THE AGONY OF THE BENCH WARMER1

Dr. Miriam Adahan, Feb. 2008

 

            In Part I, I described the agony of the bench warmers, i.e., those men who are supposedly sitting and learning in kollel, but who do not really want to be for any number of reasons, including:

  • Those with learning disabilities, who feel like failures when they try to learn.
  • Action-oriented types and cannot sit and learn all day; they might be great askanim or succeed in a business, do chesed or learn a trade.
  •  – anything but having to sit passively.  Some of them are depressed, some are happy and some simply feel lost. And once the wives realize what is going on, they tend to feel outraged, depressed, ashamed and scared.

SHAMED WIFE #1: My husband openly admits that he has a good thing going. He gets up after the kids are gone, has a relaxed cup of coffee in a quiet house while I'm out working, gets to kollel around 11 or 12, learns a bit, has more coffee, schmoozes with the guys, smokes a bit and then comes back for lunch, has a nap and goes back for another couple of hours. Since my father supports him and is proud that he has a son in learning, he tells me I shouldn't complain. Sometimes he does a little business on the side – maybe a shidduch here or there or gets paid for driving someone somewhere. For him, it's the good life. We go on vacations, have nice furniture and look like the perfect family, but I'm ashamed that we are living a lie."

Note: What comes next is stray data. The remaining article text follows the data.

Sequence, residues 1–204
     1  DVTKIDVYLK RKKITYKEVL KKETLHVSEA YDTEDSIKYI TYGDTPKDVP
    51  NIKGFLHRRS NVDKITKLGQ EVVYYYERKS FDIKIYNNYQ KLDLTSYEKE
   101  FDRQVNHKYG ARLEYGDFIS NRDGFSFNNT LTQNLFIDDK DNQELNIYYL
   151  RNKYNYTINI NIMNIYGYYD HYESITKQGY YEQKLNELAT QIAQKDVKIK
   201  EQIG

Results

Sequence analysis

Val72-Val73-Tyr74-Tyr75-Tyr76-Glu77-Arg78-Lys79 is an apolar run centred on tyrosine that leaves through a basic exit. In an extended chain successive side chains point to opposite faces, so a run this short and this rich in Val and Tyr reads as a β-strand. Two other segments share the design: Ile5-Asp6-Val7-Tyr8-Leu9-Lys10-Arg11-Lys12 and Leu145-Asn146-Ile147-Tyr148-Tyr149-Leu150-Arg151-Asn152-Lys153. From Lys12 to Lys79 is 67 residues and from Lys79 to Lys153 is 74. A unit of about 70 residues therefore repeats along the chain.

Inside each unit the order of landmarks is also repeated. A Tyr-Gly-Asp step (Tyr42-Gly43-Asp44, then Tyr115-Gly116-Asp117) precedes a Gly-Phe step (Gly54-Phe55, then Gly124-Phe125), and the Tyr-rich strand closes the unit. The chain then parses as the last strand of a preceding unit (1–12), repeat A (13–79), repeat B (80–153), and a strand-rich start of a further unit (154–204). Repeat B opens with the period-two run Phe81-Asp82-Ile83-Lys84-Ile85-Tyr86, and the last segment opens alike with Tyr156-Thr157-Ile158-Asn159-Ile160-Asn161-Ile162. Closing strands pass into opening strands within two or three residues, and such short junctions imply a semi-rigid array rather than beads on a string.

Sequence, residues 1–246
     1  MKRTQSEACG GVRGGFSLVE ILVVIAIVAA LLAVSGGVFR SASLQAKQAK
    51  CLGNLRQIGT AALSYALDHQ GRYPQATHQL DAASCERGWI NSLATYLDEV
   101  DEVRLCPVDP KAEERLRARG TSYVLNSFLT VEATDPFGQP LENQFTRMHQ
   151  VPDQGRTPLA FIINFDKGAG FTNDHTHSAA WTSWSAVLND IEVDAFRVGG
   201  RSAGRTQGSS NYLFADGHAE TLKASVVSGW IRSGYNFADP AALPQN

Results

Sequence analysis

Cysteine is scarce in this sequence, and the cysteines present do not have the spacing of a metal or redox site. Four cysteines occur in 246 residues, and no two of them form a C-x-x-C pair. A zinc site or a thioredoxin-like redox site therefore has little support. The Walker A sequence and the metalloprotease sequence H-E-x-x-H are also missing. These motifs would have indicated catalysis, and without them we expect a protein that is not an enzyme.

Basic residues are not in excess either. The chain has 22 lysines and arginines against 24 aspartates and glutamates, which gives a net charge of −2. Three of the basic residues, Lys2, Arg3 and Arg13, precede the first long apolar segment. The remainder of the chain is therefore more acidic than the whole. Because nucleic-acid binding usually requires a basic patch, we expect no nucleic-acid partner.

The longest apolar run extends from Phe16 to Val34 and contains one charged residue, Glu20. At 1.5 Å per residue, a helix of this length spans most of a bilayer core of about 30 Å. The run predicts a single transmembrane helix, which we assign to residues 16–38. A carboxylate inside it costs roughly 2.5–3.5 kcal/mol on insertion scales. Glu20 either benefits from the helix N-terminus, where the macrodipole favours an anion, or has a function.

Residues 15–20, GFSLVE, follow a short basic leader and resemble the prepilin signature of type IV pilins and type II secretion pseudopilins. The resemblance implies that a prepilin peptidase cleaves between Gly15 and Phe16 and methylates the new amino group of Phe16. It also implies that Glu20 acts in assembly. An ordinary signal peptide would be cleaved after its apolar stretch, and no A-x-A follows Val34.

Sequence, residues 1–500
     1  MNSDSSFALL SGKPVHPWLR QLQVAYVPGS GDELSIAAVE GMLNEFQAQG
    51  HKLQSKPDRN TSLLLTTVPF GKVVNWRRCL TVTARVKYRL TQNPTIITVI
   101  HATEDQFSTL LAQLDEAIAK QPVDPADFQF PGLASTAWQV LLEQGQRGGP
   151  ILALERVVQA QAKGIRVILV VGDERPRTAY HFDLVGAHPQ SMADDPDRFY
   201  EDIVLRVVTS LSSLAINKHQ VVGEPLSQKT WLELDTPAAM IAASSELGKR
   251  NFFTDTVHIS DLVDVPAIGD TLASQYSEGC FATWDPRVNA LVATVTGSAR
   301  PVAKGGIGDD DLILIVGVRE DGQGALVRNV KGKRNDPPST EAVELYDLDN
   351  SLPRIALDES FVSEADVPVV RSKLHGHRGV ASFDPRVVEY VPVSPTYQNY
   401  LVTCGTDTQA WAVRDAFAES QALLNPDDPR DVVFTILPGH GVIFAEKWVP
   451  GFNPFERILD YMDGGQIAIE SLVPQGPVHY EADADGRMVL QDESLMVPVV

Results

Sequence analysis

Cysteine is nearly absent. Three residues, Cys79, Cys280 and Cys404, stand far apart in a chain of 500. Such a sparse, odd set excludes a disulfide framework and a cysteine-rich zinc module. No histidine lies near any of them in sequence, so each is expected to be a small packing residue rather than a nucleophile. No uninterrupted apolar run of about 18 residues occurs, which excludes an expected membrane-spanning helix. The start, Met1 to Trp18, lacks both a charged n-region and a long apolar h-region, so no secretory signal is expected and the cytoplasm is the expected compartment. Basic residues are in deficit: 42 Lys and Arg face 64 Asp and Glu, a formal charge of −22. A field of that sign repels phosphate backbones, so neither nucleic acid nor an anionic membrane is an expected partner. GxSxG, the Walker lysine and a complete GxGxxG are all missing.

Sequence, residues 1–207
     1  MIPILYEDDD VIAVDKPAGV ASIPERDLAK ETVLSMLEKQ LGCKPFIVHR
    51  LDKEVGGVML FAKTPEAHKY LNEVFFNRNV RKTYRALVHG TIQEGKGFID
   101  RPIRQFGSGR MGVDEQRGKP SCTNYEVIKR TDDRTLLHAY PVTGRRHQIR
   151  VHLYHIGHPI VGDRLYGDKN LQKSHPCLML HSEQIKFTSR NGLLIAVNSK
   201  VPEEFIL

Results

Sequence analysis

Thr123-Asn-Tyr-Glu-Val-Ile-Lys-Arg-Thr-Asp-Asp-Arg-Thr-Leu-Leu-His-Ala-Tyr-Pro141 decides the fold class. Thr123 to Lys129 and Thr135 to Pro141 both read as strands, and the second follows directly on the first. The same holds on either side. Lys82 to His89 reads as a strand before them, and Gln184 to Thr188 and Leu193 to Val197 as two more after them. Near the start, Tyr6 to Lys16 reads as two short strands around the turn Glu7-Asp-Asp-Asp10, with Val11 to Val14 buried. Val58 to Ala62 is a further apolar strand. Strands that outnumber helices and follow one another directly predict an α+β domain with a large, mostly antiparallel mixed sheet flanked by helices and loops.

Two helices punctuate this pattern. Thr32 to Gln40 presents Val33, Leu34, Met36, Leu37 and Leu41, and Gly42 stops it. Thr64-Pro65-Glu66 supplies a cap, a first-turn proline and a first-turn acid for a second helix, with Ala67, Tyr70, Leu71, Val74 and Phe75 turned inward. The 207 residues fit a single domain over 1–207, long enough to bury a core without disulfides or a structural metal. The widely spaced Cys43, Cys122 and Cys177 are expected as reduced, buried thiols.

DEPRESSED WIFE #2: "Before we got married, my husband said that he was really into learning, but afterwards, he complained that his brain can't grasp the material or remember anything. Every morning, I try to wake him up and scream at me to at least help get the kids out of the house, but he says he cannot move. I beg him to do something to help with the parnassa – even an hour a day.  I asked him to teach a learning disabled child, but he said he had no patience for children. I come from a big family and cannot ask my parents for help, and I'm getting depressed too. Whenever I complain about the lack of money, he says he, 'If you have faith, money comes.' But he doesn't know from where or how. At least my work pays for health insurance and we get welfare, but if I can't work, what will happen?  What do we have to look forward to? It's really depressing."

ANGRY WIFE #3: "The truth is that I'm furious. I have become the man and my husband is the woman. I let him handle the budget when we were first married and I'm still paying off the debts he incurred now, ten years later. I make the money and he has to beg me for spare change.I work two jobs, have eight children and am collapsing, while he claims that he is incapable of functioning outside the kollel walls. It's like being in Egypt, with the women doing the men's work and the men doing the women's work, except that he doesn't even want to help in the house. To him, 'work' is a four letter word – work of any kind."

 

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